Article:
Former Microsoft CEO Steve Ballmer was his usual ebullient self as he spoke before tens of thousands Saturday afternoon.
Only instead of an audience of developers or company partners, his audience were the thousands of students graduating from the University of Washington and their friends and family.
Ballmer was the speaker at the University of Washington’s 139th commencement ceremony Saturday, where he also received an honorary doctor of science degree from the school.
He immediately got the crowd of some 5,300 students and 40,000 family members and friends cheering when he exhorted the graduating students to give themselves a round of applause.
- Costco will buy most farmed salmon from Norway, not Chile
- Mariners prospect hit by boat dies at age 20
- Let's cut traffic by road rationing, Italian style
- Italian court throws out Knox conviction once and for all
- Russell Wilson hits homer with Texas Rangers
Most Read Stories
“This class is graduating at perhaps the best time in history,” he said. “You have the greatest opportunities in front of you of any class ever.”
Then, tweaking the enthusiastic “Developers! Developers! Developers!” catchphrase that he became famous for while leading Microsoft, he told the students: “Opportunity! Opportunity! Opportunity! It awaits you.”
Ballmer kept his speech short, referring only briefly to his retirement from Microsoft earlier this year, and to his top bid for the Los Angeles Clippers basketball team last month.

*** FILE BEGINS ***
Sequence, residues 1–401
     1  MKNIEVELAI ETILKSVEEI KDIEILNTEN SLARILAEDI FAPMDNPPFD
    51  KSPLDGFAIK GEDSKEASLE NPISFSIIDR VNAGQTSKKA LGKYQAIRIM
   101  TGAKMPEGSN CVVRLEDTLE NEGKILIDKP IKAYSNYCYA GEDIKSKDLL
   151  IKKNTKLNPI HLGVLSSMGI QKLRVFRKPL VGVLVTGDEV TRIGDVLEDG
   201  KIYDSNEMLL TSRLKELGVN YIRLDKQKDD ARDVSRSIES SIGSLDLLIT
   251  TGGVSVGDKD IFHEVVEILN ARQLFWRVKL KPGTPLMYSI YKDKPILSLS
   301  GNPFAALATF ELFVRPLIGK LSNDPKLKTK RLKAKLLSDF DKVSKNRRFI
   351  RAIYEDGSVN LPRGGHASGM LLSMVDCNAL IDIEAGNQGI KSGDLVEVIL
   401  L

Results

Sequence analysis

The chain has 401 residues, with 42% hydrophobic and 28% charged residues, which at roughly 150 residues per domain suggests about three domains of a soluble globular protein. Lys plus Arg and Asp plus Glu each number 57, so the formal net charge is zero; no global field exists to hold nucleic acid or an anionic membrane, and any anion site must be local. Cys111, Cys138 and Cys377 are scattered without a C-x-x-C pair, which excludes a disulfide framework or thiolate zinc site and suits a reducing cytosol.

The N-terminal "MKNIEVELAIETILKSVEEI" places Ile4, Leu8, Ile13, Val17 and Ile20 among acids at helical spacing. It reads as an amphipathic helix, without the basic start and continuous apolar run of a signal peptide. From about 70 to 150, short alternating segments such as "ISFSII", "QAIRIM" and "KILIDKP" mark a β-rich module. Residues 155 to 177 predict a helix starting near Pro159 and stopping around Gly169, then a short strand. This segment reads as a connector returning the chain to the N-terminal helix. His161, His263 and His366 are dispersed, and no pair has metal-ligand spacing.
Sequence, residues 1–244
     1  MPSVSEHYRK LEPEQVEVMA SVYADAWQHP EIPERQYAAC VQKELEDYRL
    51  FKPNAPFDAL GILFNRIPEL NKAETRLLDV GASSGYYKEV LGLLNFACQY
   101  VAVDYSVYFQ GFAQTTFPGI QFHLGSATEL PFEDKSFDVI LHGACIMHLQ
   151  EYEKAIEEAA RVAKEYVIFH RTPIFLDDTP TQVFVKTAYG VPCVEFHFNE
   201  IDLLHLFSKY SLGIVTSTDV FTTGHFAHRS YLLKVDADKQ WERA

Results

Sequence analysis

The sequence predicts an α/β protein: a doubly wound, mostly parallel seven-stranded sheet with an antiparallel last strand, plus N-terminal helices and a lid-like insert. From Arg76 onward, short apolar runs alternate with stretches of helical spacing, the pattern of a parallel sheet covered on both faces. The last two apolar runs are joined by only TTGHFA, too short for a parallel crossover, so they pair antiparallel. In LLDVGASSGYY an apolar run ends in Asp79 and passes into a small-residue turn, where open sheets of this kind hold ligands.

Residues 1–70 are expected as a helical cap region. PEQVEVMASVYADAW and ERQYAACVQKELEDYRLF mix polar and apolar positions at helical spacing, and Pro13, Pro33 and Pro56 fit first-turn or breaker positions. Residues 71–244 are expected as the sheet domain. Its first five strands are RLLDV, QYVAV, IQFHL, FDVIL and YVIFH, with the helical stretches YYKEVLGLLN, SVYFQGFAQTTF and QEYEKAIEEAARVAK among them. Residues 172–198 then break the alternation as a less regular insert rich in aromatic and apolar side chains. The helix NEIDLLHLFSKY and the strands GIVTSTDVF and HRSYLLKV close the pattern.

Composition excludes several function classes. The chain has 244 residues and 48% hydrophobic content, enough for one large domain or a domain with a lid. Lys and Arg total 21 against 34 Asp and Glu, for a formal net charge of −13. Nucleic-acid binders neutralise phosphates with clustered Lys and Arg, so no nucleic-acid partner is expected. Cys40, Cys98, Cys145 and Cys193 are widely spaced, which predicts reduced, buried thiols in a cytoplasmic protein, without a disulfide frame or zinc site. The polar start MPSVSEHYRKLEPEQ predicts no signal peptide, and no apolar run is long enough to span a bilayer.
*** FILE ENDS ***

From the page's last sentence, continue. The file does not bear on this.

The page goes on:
His retirement from Microsoft’s top position, as well as the leadership of new CEO Satya Nadella, is a “wonderful opportunity for Microsoft” to get fresh ideas and fresh leadership, he said.
Ballmer referred to some student speakers who had said they didn’t know what life would hold for them.
“I am 58 years old and I, too, don’t know what I’m doing again,” Ballmer said, laughing.
One of the opportunities though, he said, “may be down in Los Angeles” and involve his passion for sports.
Ballmer focused his speech on three principles: “carpe diem” — or “seizing the day,” having a point of view, and what he called being “hard-core.”
He urged the students to “seize the day. Opportunities are there. But you have to grab them. … Don’t be afraid to make a mistake.”
He also exhorted students to have a point of view, telling the story of Twitter and Square co-founder Jack Dorsey who found, in the course of writing taxicab- and ambulance-dispatch software, that short messages were a powerful way to communicate with and connect people.
“Point of view creates opportunity,” Ballmer said. “You need to be a person who takes a point of view with the opportunities that are given.”
Finally, Ballmer encouraged the students to be “hard-core” — a term that he defined as being tenacious, determined, patient, industrious, and thinking and working long-term.
Opportunities are about seizing the day and having a point of view, he said, and also being determined over the long haul.
“You will need to put in long-term effort and be hard-core in order to seize the opportunities that are in front of you,” he said.
Janet I. Tu: 206-464-2272 or firstname.lastname@example.org. On Twitter @janettu.